The Sahara is the world’s largest desert and one of the harshest environments on the planet. It engulfs large sections of Algeria, Chad, Egypt, Libya, Mali, Mauritania, Morocco, Niger, Sudan, and Tunisia. The main gateway to the Moroccan portion of the Sahara is at Merzouga.
The hustle and bustle of downtown Marrakech can be a draining experience at times, and it is often a good choice to try and plan a day trip or an overnight trip to a new scene – and what better place than the nearby Sahara Desert?! It takes nearly a whole day on the bus from Marrakech to Merzouga, but from there you can access the Sahara at Erg Chebbi, which is a glorious group of sand dunes.
The Sahara’s northeasterly winds can reach hurricane level and often give rise to sand storms and dust devils. Many people imagine the Sahara as dotted with sand dunes, and the desert does have its share of ergs, which are large areas of shifting sand dunes, with some of some of them reaching 590ft. However, most of the Sahara is characterised as rocky hamada, a type of desert landscape that has very little sand and is made up of primarily barren, hard, rocky plateaus.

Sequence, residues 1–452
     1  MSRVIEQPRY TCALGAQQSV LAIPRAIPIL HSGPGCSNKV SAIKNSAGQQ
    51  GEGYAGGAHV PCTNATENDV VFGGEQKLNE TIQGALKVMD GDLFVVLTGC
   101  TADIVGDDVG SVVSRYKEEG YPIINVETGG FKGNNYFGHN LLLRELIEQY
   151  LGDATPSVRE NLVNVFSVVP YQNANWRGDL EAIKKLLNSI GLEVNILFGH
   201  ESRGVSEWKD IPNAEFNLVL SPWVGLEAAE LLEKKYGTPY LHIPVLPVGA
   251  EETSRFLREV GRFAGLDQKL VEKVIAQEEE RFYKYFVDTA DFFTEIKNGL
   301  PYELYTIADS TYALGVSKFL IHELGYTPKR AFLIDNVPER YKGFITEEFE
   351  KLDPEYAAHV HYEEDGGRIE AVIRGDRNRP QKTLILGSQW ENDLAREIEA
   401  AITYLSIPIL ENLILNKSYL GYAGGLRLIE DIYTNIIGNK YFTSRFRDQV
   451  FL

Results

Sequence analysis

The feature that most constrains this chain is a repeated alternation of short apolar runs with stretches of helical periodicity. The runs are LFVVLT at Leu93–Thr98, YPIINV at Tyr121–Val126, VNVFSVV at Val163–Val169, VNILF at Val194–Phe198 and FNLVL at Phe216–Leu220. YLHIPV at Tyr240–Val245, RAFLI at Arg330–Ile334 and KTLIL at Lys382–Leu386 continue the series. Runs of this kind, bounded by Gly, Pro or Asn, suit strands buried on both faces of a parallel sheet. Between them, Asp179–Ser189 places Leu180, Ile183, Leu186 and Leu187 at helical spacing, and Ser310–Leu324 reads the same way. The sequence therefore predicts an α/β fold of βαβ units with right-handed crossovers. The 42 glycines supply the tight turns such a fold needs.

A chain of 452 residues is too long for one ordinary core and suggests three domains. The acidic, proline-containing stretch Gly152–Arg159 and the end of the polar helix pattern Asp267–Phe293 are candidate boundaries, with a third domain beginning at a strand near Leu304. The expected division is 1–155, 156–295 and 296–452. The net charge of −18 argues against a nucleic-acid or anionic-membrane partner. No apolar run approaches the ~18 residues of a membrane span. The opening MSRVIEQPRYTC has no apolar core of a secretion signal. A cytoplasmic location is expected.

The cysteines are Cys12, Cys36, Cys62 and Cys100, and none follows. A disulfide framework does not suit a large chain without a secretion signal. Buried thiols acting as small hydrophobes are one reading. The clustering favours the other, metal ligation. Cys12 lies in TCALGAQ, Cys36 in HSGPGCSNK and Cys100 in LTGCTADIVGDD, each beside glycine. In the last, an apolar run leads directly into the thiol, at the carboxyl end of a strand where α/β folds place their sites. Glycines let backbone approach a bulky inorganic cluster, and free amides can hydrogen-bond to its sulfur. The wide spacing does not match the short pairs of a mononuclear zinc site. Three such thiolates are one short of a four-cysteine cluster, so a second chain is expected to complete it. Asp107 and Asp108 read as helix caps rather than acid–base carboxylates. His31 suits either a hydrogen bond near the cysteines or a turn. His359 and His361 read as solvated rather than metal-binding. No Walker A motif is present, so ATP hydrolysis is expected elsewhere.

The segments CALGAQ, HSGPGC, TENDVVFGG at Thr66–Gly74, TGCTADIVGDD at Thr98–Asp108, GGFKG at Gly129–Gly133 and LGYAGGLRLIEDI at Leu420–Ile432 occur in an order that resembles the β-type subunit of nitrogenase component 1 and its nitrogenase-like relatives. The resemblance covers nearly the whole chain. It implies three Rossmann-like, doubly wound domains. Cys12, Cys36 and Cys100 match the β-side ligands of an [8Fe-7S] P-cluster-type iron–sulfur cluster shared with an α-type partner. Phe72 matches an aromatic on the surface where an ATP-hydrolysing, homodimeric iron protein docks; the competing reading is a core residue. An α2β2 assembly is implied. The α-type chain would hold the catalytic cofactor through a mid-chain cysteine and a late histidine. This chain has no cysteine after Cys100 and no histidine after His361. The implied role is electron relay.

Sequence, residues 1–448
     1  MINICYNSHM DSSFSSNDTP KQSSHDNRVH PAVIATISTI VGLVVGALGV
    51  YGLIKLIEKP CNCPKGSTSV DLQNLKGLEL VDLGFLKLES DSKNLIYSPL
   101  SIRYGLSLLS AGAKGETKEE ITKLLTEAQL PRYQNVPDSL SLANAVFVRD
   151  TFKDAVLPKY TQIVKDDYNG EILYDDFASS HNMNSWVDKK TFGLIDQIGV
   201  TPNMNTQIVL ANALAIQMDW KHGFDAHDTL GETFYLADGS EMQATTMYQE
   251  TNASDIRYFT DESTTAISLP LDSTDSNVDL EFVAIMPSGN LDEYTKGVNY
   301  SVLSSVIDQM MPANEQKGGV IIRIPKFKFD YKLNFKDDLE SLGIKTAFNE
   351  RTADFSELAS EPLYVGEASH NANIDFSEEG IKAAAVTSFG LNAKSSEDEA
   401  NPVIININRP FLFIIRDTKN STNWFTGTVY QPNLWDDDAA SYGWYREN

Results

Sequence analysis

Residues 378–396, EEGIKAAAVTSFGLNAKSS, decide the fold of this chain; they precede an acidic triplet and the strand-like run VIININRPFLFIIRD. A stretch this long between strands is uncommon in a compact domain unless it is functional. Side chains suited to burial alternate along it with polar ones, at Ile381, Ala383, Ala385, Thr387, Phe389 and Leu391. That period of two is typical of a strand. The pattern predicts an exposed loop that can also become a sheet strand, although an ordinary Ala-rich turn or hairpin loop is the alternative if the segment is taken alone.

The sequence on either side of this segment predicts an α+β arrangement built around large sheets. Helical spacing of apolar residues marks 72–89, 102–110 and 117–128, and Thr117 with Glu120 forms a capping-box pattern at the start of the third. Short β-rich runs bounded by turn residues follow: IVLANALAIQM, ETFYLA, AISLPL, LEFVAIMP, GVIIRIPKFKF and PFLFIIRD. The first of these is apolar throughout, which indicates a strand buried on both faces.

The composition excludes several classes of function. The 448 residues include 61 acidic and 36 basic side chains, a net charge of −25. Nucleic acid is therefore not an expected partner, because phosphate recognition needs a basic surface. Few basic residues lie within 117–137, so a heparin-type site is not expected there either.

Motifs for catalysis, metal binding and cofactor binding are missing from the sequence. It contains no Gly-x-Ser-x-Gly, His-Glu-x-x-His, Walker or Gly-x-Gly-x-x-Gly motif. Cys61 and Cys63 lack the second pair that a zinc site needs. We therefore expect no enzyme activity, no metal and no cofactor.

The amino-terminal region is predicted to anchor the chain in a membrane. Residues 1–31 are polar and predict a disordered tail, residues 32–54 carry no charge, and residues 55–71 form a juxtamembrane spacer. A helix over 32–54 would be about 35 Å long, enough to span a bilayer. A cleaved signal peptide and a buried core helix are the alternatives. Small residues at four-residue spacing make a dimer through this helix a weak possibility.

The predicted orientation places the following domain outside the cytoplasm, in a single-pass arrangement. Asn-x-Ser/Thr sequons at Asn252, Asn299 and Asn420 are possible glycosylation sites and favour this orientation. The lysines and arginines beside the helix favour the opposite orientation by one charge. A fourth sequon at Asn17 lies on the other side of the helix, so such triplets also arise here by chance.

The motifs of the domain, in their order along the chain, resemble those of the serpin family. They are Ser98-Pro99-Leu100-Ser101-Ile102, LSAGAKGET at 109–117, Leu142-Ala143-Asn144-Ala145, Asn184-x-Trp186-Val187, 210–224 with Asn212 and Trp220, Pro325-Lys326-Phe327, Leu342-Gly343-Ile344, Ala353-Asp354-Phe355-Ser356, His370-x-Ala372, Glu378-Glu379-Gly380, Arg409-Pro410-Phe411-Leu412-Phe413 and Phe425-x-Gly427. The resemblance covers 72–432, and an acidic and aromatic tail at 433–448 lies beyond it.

There are so many tour operators that you can contact both online and in Marrakech that will provide you with a trip of a lifetime to the Sahara. I used a company called Desert Majesty. You should plan to spend as long on the Sahara trip as you can afford, as the shorter tours may not give you enough (or any) time to see the real parts of the desert. You can see sand anywhere – you want to see SAND DUNES! For around 800-100 DH, you should be able to get a 3 day/2 night excursion, which includes lodging in the desert (maybe in Bedouin tents), at least one camel ride, and most meals are included too.
Camels, most often associated with the Sahara, were introduced to the desert around 200AD. These camels are not just here for the purpose of giving tourists a ride up and down the dunes! Their advantages over the horses include soft feet so they can move quicker through sand, and they have the ability to go for up to 17 days without food or water! It was in that Sahara where I had my first ever camel ride (well, that I can remember anyway!) and it was a weird experience. Camels are very docile creatures and they move elegantly with passengers sitting on them…much different to a horse ride.
The cultures of the Berbers and the Tuaregs are fascinating, and hopefully your trip to the Sahara will last long enough for you to witness it first hand. Maybe smoke some shisha, watch the sun go down, and even partake in a traditional Moroccan belly dancing routine! Enjoy it before it’s over, as the hassle of Marrakech awaits you when you return…